Attorneys For Essential Workers – Private and Municipal Sanitation Workers
In NYC and outer areas, garbage and recycling trucks are a common sight. It is hard to imagine how the city would even function without these essential workers and their hard work. Collection of solid waste materials and recyclable items plays a crucial role in the cleanliness and sustainability of our community.
It is for this reason that the Governor has issued the “New York on PAUSE” Executive Order 202.6, that dictates that sanitation workers are considered “essential workers” and must continue to work regardless of the Coronavirus pandemic and are not are not subject to the in-person restriction.
The reason is rather simple: these essential workers serve a vital role in our society by helping manage waste, which, if allowed to build up, could present an enormous health and environmental issues. With the pandemic, as our most recent reality, their jobs prove to be even more valuable as well as hazardous. This is true for any city, but particularly a place like New York.
Past Sanitation Worker, Michael S. Lamonsoff, Details The Hazardous Nature Of The Job
Sanitation workers, whether working for New York City Department of Sanitation, other municipal sanitation departments or private sanitation companies, have one of the most hazardous jobs in New York.
At first glance, garbage collecting may not seem extremely hazardous. However, research shows that it can in fact be, not just dangerous, but also deadly.
A report from OSHA shows that a number of people have died in incidents involving refuse collections in the past couple of decades. According to the report, Solid Waste Collection essential workers were also two times more likely to suffer workday injuries than the average service sector workers.
Michael S. Lamonsoff, founder of the Law Offices of Michael S. Lamonsoff, PLLC, as a past sanitation worker himself, is particularly sensitive and knowledgeable to the plight of these workers.
Sanitation Workers Can Be Municipal Or Private Workers
To this day, the City’s waste is managed by both private and public trash haulers. The sanitation workers employed by these organizations are expected to run on a tight schedule, cover as much ground as possible and bring in the revenue. Working long 10-12 hour days, six days per week, means that no one is ever really rested. And more often than not, this exposes them to enormous risks every single day. During the time of the pandemic, the risks they are exposed to on the daily are even greater. This is why it's more important than ever to seek out an experienced sanitation worker injury lawyer in NYC.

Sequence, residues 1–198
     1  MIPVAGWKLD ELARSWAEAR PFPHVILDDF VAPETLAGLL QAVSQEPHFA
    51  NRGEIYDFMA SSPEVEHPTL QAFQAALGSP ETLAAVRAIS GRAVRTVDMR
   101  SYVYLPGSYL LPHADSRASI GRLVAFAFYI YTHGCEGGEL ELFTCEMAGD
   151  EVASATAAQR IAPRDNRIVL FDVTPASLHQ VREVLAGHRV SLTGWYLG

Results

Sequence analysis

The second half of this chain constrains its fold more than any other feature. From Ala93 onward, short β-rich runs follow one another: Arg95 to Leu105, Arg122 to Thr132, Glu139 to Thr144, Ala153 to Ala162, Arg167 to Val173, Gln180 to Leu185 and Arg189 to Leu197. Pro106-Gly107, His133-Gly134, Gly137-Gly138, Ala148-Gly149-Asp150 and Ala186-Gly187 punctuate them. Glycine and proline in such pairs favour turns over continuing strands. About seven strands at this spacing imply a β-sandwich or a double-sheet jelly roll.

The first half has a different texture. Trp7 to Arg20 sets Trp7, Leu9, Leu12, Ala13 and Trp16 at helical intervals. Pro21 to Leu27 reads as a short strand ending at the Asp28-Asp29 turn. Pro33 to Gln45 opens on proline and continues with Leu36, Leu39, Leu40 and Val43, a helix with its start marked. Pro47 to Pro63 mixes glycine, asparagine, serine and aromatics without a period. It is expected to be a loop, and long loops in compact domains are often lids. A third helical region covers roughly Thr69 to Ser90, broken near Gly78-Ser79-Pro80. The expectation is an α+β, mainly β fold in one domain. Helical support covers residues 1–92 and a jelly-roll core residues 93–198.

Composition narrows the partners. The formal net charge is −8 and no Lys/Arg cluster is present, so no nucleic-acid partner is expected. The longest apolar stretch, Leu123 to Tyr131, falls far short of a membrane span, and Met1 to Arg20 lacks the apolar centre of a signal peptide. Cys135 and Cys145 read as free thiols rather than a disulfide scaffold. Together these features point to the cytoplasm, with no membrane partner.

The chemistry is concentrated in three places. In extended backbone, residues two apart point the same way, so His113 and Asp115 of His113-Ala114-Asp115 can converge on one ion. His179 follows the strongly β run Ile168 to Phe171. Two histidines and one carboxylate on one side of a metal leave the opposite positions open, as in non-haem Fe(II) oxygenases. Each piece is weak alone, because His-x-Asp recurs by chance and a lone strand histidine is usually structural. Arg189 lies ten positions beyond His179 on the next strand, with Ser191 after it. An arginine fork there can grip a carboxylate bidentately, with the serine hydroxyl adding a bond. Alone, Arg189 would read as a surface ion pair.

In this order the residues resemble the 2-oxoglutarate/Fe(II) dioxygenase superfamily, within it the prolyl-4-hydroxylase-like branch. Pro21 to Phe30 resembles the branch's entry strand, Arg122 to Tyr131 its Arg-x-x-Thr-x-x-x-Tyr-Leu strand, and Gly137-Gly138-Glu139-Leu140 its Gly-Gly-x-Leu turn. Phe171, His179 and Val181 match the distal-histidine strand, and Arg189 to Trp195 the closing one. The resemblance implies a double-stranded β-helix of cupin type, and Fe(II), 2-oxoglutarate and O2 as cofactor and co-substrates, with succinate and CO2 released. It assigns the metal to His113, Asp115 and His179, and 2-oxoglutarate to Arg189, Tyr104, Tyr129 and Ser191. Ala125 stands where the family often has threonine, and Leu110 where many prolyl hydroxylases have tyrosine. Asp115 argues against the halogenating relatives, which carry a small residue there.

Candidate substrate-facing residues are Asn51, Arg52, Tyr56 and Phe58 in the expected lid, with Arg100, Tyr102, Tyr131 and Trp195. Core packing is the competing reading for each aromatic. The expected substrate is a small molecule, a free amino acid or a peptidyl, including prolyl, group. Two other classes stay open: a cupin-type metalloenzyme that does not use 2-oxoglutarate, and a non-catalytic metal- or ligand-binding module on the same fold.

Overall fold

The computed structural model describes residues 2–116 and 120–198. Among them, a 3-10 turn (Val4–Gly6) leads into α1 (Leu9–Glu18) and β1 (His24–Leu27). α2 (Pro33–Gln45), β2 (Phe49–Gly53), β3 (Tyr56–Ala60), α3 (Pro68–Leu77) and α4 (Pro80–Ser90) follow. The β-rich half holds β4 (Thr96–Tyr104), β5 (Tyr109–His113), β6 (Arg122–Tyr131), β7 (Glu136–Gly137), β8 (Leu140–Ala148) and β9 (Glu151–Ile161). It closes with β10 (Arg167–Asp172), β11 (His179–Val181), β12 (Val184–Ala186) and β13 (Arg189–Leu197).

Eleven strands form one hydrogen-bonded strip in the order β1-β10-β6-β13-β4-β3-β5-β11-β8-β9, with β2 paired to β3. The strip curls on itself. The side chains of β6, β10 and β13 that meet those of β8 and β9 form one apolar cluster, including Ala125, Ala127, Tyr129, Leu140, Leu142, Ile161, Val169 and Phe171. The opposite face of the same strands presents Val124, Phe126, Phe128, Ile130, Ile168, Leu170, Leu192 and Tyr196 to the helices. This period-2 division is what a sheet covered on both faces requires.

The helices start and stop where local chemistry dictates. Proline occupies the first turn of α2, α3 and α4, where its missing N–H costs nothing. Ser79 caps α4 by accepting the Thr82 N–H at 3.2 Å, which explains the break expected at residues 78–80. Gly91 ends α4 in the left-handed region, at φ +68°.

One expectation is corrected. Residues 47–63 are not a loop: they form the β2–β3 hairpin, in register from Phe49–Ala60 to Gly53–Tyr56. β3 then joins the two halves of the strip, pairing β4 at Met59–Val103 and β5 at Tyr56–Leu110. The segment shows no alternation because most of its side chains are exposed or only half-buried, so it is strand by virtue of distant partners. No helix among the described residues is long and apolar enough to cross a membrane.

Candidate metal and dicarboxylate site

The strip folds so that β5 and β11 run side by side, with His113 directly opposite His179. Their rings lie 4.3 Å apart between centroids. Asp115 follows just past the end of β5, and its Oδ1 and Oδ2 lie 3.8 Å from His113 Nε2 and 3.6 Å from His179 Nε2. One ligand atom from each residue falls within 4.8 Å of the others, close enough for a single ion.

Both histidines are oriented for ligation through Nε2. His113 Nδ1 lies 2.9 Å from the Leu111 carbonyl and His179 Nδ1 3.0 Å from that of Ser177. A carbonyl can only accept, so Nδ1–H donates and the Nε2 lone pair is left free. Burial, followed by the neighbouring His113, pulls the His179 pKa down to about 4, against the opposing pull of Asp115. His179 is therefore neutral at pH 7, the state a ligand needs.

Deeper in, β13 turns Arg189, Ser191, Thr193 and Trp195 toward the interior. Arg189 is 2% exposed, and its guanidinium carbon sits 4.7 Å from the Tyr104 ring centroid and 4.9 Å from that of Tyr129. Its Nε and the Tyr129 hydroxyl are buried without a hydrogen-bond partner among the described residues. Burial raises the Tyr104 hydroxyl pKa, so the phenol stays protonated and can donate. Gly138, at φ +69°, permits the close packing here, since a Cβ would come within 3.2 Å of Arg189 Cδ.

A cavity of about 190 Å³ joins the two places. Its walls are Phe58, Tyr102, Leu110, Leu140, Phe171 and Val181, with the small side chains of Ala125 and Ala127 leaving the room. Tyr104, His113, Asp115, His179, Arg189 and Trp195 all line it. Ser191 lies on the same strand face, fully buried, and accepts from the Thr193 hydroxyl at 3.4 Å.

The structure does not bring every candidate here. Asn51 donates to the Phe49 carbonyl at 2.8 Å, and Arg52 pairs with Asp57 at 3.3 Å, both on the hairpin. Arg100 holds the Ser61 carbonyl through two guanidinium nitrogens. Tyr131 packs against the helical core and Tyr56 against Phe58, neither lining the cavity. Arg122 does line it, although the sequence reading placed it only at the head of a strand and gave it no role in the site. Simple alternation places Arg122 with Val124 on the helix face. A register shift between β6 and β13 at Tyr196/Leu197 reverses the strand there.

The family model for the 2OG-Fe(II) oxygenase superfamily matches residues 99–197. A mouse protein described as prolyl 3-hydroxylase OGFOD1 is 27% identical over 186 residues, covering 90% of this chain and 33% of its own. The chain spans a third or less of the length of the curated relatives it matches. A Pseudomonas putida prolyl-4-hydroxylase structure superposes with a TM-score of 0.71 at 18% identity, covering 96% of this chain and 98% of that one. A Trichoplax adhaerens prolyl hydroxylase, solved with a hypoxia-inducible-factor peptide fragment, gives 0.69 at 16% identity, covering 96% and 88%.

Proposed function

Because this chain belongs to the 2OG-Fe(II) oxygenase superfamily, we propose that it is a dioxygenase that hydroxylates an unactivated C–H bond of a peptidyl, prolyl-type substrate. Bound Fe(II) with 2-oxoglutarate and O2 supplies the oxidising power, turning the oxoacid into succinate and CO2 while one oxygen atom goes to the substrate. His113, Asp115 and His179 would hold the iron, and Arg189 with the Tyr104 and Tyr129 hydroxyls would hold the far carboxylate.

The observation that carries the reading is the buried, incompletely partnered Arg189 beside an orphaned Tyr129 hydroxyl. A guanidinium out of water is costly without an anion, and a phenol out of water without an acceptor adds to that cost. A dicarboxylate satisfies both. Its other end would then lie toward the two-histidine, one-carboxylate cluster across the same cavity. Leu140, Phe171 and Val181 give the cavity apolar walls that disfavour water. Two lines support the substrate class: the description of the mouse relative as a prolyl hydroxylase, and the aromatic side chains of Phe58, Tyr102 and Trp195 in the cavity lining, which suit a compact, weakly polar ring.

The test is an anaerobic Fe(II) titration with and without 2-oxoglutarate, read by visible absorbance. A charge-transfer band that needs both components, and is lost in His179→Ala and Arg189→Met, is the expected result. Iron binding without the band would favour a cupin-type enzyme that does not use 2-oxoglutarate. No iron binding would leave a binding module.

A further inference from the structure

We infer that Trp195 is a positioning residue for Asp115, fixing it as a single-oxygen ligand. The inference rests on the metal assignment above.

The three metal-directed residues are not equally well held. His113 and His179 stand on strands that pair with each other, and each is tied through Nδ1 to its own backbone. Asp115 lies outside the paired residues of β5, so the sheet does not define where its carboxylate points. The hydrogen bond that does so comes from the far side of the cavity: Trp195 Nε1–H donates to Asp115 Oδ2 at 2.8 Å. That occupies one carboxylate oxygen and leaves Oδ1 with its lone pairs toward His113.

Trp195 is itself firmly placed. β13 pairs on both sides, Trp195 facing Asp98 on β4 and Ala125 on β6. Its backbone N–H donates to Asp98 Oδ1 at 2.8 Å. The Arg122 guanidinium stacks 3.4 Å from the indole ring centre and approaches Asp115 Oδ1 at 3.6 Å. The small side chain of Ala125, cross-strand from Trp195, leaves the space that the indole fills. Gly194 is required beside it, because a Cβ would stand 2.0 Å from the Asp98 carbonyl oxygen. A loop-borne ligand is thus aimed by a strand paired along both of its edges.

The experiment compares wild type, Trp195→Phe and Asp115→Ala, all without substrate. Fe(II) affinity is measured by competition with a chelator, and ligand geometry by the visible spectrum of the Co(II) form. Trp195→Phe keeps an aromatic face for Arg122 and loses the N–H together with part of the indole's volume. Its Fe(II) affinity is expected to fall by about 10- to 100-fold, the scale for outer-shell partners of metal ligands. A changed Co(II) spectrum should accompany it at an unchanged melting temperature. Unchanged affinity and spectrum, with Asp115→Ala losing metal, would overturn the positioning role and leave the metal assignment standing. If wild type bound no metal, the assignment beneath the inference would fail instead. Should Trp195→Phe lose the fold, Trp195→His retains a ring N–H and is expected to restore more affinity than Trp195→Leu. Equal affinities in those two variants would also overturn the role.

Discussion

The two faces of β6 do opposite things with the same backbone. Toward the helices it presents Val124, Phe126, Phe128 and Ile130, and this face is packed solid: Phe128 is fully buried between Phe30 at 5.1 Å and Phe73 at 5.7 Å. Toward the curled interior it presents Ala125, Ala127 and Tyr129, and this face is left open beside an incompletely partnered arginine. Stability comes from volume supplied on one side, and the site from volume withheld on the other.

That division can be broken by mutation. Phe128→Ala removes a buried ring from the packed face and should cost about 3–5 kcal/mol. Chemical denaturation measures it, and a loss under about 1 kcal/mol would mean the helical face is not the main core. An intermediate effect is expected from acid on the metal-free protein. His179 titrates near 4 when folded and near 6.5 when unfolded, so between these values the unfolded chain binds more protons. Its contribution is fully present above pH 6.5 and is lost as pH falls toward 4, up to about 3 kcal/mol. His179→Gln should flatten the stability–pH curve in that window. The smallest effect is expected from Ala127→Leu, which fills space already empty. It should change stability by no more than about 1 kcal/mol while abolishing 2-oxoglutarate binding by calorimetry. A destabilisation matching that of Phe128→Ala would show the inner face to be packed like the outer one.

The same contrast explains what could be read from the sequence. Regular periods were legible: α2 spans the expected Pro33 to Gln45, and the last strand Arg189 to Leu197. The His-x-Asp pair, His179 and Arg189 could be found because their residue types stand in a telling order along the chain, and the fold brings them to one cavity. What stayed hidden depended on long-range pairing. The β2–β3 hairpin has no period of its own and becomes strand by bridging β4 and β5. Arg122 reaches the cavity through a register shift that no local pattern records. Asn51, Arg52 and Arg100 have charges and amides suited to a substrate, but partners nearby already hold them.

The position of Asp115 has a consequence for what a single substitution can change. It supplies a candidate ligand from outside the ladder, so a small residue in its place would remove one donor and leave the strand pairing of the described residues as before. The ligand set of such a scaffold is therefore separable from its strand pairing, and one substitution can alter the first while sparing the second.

These workers expose themselves to enormous risks when they are handling trash cans. In them, owners sometimes dump broken glass, cat and dog excrement, and chemical waste – one garbage collector in NYC died recently after inhaling fumes from a hazardous chemical someone had illegally poured into a trashcan.
These essential workers are often disconcerted to find more than garbage in trash cans and dumpsters, including carcasses of pets, broken glass, syringes, etc.
Common Injuries That Can Occur on Sanitation Jobs
Some of their injuries stem from constantly repeating awkward movements, such as jumping in and out of garbage trucks and lifting cans that can sometimes weigh 100 pounds or more. It is needless to say that collecting trash can put an excruciating strain on your body as well. Sanitation workers often suffer from back strains and ankle sprains from the lifting and carting off of garbage and debris.
And on days when the road is wet, lifting heavy cans can lead to a nasty fall, especially since collectors never know what to expect. Slippery areas, improperly built and maintained sidewalks and streets represent additional hazards for them.
Additionally, garbage collectors suffer the most injuries to their lower back and are plagued with fractured feet, bruised knees and torn hands from picking up so many cans as well. The risk of needle sticks and exposure to infectious diseases is a particular concern on routes near medical facilities. When picking up garbage, the workers get needle sticks quite often. Although if it is illegal to dump medical waste in trash cans by the public, this is a rather common violation due to the higher cost of proper medical waste disposal.
Contact Us for Help with Your Essential Worker Accident Claim
If you or someone that you love is an essential worker who has been injured in an accident, the attorneys at The Law Offices of Michael S. Lamonsoff, PLLC are skilled in all of the issues and nuances that have arisen in these types of cases because of COVID-19. We will immediately move to preserve and protect your rights to compensation. Contact the experienced sanitation worker injury attorneys in NYC at the Law Offices of Michael S. Lamonsoff, PLLC, to find out what your rights are and let us take the necessary action in your behalf. We litigate every case aggressively, so that you can concentrate on recovery.